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June 17, 2015 0

White House Hosts Conference on Combating International LGBT Hate Crimes

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On June 12, the White House hosted a “Con­ver­sa­tion on Com­bat­ing Bias-Motivated Vio­lence against LGBT Per­sons Around the World.”  Bias-motivated vio­lence against LGBT indi­vid­u­als remains dis­turbingly preva­lent, as doc­u­mented by a May 2015 report by the United Nations High Com­mis­sioner for Human Rights and the FBI’s annual Hate Crime Sta­tis­tics Act report.  The prob­lem is com­pounded by incon­sis­tent def­i­n­i­tions of hate crime and inad­e­quate hate crime data col­lec­tion efforts, accord­ing to a 2013 ADL/Human Rights First report on hate crimes in the Orga­ni­za­tion for Secu­rity and Coop­er­a­tion in Europe (OSCE) region.

Randy Berry, the State Department’s Spe­cial Envoy for the Human Rights of LGBTI Persons,announced a num­ber of new Admin­is­tra­tion ini­tia­tives at the con­fer­ence, which fell dur­ing LGBT Pride Month.  He high­lighted exist­ing part­ner­ships and pledged to expand inter­na­tional law enforce­ment train­ing and tech­ni­cal assis­tance, as well as efforts to empower civil soci­ety and LGBT edu­ca­tion and advo­cacy orga­ni­za­tions. The Admin­is­tra­tion will con­tinue to draw on exist­ing exper­tise across the US Gov­ern­ment to enable orga­ni­za­tions and agen­cies abroad to request assis­tance to launch new local and national initiatives.

The White House pro­gram included pan­els focused on the impact of community-based orga­ni­za­tions, the role of law enforce­ment and the judi­ciary, and gov­ern­ment actions and best prac­tices – which was mod­er­ated by ADL Wash­ing­ton Coun­sel Michael Lieber­man.  The meet­ing built on a Decem­ber 2011 Pres­i­den­tial Mem­o­ran­dum on “Inter­na­tional Ini­tia­tives to Advance the Human Rights of Les­bian, Gay, Bisex­ual, and Trans­gen­der Per­sons.” Fed­eral agen­cies – espe­cially USAID, the Jus­tice Depart­ment, and the State Depart­ment – have done a lot of work on the issue.  The State Depart­ment released a report in May 2014 detail­ing its progress on car­ry­ing out the President’s Memorandum.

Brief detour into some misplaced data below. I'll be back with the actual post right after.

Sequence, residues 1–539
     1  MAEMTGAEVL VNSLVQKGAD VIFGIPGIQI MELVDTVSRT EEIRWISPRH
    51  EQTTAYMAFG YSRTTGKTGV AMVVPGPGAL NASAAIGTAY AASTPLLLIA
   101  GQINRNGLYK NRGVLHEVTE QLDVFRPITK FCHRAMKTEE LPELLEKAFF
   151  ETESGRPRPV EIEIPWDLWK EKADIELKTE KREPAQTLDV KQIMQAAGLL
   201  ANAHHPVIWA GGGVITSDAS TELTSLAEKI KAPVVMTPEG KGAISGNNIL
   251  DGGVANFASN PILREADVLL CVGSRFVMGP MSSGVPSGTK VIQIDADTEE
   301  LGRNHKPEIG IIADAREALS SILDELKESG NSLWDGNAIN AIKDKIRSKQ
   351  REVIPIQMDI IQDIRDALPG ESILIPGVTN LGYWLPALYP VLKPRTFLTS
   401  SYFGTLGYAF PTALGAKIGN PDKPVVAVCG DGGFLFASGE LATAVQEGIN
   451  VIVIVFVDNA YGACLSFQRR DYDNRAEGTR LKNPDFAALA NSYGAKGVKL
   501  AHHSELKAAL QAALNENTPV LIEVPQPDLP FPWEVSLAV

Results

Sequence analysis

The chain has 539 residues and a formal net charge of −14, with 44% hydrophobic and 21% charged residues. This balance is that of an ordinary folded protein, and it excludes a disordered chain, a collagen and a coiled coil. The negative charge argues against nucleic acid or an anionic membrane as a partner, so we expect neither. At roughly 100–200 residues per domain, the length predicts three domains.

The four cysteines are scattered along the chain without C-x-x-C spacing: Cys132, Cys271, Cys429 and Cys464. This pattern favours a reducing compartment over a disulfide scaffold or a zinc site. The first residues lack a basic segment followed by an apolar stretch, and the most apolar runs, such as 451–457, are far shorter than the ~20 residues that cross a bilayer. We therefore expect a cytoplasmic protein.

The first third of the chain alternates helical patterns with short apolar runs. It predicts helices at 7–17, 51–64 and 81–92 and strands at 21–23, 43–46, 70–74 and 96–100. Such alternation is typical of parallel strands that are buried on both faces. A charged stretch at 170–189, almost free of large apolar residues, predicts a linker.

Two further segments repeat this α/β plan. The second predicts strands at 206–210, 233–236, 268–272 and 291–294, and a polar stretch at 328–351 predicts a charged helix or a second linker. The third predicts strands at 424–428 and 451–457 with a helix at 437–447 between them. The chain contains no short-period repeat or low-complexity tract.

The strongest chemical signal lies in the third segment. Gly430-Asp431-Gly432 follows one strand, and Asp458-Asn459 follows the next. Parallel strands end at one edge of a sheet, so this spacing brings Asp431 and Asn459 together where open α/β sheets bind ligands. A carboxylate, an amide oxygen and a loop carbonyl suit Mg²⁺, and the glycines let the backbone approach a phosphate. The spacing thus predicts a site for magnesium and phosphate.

ADL works to address dis­crim­i­na­tion and vio­lence against LGBT indi­vid­u­als in the United States and abroad, fil­ing ami­cus briefs in Supreme Court cases, con­duct­ing work­shops and train­ing for edu­ca­tors and law enforce­ment offi­cials, and encour­ag­ing the col­lec­tion of hate crime sta­tis­tics that help local and fed­eral law enforce­ment track and address this issue. ADL rep­re­sen­ta­tives also helped craft the sem­i­nal OSCE pub­li­ca­tion, Hate Crime Laws: A Prac­ti­cal Guide, and main­tain rela­tion­ships with many human rights groups to track anti-Semitism, hate crimes, and vio­lence and dis­crim­i­na­tion against LGBT per­sons at home and abroad.  ADL Wash­ing­ton Office Direc­tor Stacy Bur­dett, who also attended the con­fer­ence, leads that work.

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March 23, 2015 1

New FBI Hate Crime Training Manual Published

This week the FBI pub­lished an updated hate crime train­ing man­ual. The excel­lent new guide is the sin­gle most impor­tant, most inclu­sive hate crime train­ing resource avail­able for law enforce­ment officials